Before we move on to other things (Like this month’s Project Life update!) let’s talk about two simple ways to use up patterned paper.
You’ve seen the first one before: the gift card holder.
This involves using a template, which you can get here. (I originally found it on Spoonful, but it has since been taken down. This is a copy of it from Family Fun magazine.) Print it out, and cut along the solid lines, then tape the two halves together, and place it on top of the reverse side of the patterned paper you’re going to use. Use a bone folder and ruler to trace the dotted lines onto your patterned paper, making sure to press firmly, but not so firmly you break the paper. (If you’ve ever pressed too firmly, you’ll know exactly what I mean.)
After you’ve got your folding lines traced, cut around the outside of the template. You’re now ready to fold. With the reverse side of the paper facing you, fold each half circle towards the center along the dotted line, crease well, and then open the flaps back up. Then fold the long line that runs across the width of the wallet and both flaps towards you, crease it well and open it, and repeat for the square flap.
Now comes the tricky part. For the rest of the folds on the round flaps, you are going to reverse the direction of the crease for each fold. So the long fold was folded towards you, and then the next fold will fold the flap away from you, and then towards you, and then away from you, and then you’ll be at the center of the round flap, which was already folded towards you. Keep going to finish the circle, and repeat on the other side.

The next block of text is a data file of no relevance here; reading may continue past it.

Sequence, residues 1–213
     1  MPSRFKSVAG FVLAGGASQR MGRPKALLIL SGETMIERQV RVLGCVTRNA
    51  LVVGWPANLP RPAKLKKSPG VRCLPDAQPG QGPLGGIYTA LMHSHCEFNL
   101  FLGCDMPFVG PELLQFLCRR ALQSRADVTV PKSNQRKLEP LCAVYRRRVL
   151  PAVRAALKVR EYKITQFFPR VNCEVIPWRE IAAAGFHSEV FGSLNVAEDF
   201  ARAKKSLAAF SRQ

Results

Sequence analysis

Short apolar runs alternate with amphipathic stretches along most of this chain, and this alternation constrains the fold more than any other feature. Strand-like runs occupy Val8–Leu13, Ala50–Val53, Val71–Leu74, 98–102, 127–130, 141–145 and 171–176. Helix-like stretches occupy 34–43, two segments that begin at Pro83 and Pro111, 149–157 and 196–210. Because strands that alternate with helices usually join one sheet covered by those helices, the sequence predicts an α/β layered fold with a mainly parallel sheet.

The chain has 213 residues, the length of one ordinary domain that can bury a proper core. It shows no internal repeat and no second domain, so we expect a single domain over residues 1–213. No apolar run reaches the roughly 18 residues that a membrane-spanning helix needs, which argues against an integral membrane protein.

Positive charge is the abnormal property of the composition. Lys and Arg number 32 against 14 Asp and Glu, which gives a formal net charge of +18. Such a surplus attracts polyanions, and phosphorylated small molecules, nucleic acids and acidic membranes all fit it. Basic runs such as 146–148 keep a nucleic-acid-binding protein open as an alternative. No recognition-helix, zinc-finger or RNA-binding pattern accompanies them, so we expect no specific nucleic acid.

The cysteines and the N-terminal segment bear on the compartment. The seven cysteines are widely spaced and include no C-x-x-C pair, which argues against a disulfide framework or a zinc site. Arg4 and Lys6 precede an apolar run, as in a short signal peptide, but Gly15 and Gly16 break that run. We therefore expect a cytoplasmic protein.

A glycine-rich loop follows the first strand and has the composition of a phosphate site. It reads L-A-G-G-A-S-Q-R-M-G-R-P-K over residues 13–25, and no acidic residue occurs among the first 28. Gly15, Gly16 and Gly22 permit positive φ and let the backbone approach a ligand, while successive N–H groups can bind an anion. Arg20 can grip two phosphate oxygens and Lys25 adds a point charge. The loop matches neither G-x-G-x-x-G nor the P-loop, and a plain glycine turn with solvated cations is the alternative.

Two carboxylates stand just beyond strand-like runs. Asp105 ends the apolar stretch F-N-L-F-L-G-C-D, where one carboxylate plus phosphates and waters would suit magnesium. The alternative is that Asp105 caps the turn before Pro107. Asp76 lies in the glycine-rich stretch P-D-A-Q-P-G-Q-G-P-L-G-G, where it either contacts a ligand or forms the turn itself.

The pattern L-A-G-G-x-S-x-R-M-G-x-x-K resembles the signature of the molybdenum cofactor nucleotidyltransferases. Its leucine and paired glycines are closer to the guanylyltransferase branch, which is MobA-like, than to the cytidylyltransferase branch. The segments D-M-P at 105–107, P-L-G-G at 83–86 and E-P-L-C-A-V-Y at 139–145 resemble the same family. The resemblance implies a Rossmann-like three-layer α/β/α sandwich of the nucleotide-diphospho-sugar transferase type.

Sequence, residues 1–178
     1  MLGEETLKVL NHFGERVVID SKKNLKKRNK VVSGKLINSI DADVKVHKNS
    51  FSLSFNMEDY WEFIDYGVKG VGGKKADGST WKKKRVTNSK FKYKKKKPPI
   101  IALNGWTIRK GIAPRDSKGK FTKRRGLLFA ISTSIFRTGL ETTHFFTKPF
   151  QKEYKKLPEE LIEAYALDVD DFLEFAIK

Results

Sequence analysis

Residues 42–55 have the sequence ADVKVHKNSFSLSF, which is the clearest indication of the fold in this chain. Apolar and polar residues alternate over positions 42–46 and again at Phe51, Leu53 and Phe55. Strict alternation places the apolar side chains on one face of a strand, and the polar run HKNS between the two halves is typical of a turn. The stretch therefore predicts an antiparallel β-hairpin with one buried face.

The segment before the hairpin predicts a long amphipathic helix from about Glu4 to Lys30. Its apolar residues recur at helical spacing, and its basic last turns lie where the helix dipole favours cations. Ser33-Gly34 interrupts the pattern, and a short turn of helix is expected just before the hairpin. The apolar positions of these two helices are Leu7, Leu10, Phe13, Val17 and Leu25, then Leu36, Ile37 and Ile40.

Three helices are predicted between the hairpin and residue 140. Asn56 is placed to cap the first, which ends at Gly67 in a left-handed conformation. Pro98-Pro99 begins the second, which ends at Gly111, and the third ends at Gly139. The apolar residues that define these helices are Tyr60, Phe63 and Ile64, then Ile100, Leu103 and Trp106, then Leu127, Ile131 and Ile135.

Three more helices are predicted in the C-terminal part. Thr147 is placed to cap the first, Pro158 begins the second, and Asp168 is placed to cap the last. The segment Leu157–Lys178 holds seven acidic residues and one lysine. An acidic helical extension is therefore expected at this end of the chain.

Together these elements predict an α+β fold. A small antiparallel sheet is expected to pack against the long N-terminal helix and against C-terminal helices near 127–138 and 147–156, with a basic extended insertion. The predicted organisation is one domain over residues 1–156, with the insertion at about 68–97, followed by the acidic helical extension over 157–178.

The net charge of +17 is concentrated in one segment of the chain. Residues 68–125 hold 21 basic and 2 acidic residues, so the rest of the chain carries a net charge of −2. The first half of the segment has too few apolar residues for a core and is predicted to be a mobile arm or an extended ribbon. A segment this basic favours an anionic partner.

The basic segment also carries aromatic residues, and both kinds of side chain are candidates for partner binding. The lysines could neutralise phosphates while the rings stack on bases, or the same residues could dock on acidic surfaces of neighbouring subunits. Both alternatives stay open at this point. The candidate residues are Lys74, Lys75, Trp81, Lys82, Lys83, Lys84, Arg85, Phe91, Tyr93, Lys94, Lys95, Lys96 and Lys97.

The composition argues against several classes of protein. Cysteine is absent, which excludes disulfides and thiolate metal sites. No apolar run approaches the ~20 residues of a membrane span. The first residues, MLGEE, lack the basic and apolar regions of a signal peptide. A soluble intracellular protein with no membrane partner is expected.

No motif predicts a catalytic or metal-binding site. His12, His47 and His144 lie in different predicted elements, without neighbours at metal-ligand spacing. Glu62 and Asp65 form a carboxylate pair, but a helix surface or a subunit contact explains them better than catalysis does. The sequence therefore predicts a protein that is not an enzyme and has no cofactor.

That’s the hardest part of the whole thing.
You can use a couple pieces of magnetic tape, a rubber band, washi tape, a ribbon, or even tape runner to close your gift card holder. You never have to buy a gift card holder again! (At least if you have as much paper lying around as I do.)
The second quick use for patterned paper? How about envelopes:
The easiest way to do this is with a scor board. I’ve got the Martha Stewart version, which even has a spacer to help get your paper in the right spot when scoring your folds. Just follow the directions included with the scor board for quick and easy envelopes all the time. I’ll link you up with that down below.
However, if you don’t have a scor board, or if the card or letter you’re covering is a bit larger or odder shaped than average, you can try this method.
Start by lightly drawing two lines from corner to corner on the back of a thin piece of patterned paper. The older and uglier the better.
Then place your card, or whatever else you’re mailing on the center of that X. This way, you’ll be able to have even flaps all the way around. Keep in mind, it doesn’t have to be perfectly aligned in the center, you’re just using the lines as a visual guide.
Fold in the sides so the points meet, or at least point directly at each other.
Bring up the bottom. At this point, you’d add glue or tape along the bottom edge of the side flaps to hold the bottom flap in place, but since this is only for demonstration purposes, you’ll have to make do with my fingers.
Finally, fold down the top flap. If there’s lots of overlap, you can fold under or cut the tip of the top flap so it doesn’t extend past the edge of your envelope.
See? Quick, easy, and done. To make your postal carrier’s life easier if you’re sending your card or whatnot through the mail, use a plain white label for the addresses.
So, do you have any quick and easy ways to use up patterned paper? Share it in the comments!
Also, Martha Stewart’s scor board: (affiliate link)